System responses to Holocene relative sea-level rise and sediment supply in a macrotidal estuary

Best, Louise ORCID: 0000-0003-3731-054X, Kirby, Jason R and Selby, Katherine (2022) System responses to Holocene relative sea-level rise and sediment supply in a macrotidal estuary. Holocene, 32 (10). pp. 1091-1103. doi:10.1177/09596836221106971

Best et al 2022 System responses to Holocene relative sea-level rise and sediment supply in a macrotidal estuary.pdf - Published Version

Download (3MB) | Preview


Estuaries are at the interface of marine and terrestrial systems and as such, are subject to environmental change arising from multiple driving mechanisms, with the interplay between the dominant controls varying spatially and temporally. Relative sea-level (RSL) change and sediment supply can play a significant role in driving environmental change. This study examines the relative influence of these drivers during the Holocene. Biostratigraphic records and RSL data are presented from two locations in the inner portion and upper reaches of the macrotidal Humber Estuary, eastern England. The results provide a new terrestrial limiting point and six sea-level index points, two of which at c. 1500 cal years BP provide the youngest sea-level index points for the inner estuary. An early-mid Holocene tidal lagoon system, that lacks modern equivalent, is recorded at one site. The results indicate a shift in the dominance of RSL rise driving the early Holocene creation of wetlands, to sediment supply dominating changes in the mid-late Holocene against the backdrop of a reduced rate of RSL rise, with a submergence of wetlands evident after c. 4000 cal years BP. The persistence of fen carr evident between c. 6800 and 5500 cal years BP suggests stability and resilience of the peatland system to continuing RSL rise. As rates of contemporary RSL rise increase, combined with climate and human impacts on the landscape, the drivers of change in these type of estuary systems will shift, with the records providing analogues of potential system responses that can help inform coastal management strategies.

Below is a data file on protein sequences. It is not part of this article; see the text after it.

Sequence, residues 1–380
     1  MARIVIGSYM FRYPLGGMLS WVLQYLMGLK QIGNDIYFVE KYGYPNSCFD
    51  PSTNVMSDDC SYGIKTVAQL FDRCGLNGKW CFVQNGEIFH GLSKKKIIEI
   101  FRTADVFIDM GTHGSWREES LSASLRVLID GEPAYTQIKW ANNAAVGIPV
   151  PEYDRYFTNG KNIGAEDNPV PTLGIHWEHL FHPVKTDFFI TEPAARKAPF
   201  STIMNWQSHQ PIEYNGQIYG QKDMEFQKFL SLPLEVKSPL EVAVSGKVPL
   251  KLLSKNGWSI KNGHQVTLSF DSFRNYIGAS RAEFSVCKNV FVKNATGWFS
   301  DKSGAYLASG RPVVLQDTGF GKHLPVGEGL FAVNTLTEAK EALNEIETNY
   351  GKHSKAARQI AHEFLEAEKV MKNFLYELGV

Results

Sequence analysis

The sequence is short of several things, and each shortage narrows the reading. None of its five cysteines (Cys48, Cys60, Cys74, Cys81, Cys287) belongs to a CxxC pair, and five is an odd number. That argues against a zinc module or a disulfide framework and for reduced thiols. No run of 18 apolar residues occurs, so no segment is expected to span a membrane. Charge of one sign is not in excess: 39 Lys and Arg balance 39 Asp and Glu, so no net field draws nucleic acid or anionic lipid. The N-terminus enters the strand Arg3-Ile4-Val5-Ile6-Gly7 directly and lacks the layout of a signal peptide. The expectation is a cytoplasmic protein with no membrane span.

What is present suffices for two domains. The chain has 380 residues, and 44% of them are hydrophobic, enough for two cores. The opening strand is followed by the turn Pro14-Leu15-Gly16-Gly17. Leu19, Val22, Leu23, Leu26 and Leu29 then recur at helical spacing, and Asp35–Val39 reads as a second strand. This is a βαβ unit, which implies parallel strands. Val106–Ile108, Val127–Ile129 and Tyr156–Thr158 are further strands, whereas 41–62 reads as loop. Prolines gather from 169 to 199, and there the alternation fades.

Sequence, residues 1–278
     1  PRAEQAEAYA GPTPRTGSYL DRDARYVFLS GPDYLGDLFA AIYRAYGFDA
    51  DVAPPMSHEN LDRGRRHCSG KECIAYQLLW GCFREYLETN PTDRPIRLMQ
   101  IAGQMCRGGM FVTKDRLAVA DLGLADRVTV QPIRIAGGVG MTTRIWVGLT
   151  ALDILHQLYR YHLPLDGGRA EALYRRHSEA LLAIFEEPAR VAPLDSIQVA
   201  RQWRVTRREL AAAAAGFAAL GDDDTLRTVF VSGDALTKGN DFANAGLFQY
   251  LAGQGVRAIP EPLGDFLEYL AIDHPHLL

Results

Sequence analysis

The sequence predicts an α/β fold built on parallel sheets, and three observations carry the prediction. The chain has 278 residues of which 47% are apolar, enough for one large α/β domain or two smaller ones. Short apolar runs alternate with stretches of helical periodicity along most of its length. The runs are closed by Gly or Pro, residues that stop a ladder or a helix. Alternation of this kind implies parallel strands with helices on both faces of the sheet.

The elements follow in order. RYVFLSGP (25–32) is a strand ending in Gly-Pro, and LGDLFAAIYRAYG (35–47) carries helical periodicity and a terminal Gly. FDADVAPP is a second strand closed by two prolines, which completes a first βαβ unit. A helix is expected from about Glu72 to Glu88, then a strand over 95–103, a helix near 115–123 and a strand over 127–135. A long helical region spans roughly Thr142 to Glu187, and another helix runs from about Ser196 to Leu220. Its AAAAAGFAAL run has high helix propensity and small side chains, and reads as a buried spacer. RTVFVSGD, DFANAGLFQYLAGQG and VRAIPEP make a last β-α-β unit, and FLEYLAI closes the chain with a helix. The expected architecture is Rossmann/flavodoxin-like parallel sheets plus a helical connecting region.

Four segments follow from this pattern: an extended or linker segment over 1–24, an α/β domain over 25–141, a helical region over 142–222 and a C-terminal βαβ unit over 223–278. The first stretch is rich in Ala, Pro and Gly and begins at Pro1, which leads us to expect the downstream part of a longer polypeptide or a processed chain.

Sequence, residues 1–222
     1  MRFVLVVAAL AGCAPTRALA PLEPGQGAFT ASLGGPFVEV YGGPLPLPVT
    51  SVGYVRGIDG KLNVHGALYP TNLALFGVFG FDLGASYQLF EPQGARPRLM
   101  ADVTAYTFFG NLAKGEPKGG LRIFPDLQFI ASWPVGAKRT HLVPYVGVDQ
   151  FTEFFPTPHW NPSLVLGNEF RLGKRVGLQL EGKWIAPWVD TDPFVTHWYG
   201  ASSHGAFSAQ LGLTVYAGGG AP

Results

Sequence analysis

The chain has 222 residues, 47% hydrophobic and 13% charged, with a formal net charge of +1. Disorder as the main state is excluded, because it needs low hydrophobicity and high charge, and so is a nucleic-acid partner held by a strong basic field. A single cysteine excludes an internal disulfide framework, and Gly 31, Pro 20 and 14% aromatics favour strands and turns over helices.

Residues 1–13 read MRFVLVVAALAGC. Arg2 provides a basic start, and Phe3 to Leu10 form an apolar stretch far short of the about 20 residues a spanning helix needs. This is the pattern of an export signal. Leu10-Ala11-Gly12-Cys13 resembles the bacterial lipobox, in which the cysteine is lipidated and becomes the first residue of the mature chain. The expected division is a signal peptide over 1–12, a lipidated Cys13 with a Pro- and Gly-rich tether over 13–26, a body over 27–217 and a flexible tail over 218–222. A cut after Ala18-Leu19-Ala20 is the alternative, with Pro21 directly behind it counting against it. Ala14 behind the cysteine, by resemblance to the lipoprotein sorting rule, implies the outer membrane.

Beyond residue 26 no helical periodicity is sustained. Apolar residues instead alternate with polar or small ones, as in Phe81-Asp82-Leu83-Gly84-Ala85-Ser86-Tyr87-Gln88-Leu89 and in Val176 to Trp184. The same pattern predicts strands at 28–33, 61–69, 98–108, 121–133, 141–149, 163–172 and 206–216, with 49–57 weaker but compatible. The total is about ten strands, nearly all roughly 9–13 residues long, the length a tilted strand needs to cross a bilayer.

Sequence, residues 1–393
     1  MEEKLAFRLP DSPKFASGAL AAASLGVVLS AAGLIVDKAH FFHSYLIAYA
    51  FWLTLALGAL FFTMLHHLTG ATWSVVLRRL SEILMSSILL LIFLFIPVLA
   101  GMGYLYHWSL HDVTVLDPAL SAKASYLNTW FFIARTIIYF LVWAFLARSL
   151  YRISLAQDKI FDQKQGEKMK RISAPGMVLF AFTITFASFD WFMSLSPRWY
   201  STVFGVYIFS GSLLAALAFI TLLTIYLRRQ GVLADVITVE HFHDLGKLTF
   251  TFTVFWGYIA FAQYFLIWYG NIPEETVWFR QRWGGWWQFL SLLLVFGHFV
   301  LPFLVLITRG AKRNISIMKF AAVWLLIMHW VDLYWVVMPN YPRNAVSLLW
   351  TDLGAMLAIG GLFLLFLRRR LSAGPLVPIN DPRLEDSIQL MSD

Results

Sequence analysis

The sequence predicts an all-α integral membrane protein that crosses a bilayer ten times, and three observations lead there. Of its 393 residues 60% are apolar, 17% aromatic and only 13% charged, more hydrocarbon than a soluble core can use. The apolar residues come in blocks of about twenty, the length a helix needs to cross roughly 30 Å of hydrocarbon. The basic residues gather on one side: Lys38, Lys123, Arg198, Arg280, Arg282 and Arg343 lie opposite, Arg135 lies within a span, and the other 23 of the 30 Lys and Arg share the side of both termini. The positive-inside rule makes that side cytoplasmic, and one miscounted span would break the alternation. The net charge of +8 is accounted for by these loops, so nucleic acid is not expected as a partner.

Item Type: Article
Article Type: Article
Uncontrolled Keywords: Environmental change; Estuary Holocene; Humber; Relative sea level; Wetlands
Subjects: G Geography. Anthropology. Recreation > GB Physical geography
G Geography. Anthropology. Recreation > GE Environmental Sciences
Divisions: Schools and Research Institutes > School of Education and Science
Research Priority Areas: Place, Environment and Community
Depositing User: Louise Best
Date Deposited: 19 Jul 2022 08:20
Last Modified: 31 Aug 2023 08:57

University Staff: Request a correction | Repository Editors: Update this record

University Of Gloucestershire

Bookmark and Share

Find Us On Social Media:

Social Media Icons Facebook Twitter Google+ YouTube Pinterest Linkedin

Other University Web Sites

University of Gloucestershire, The Park, Cheltenham, Gloucestershire, GL50 2RH. Telephone +44 (0)844 8010001.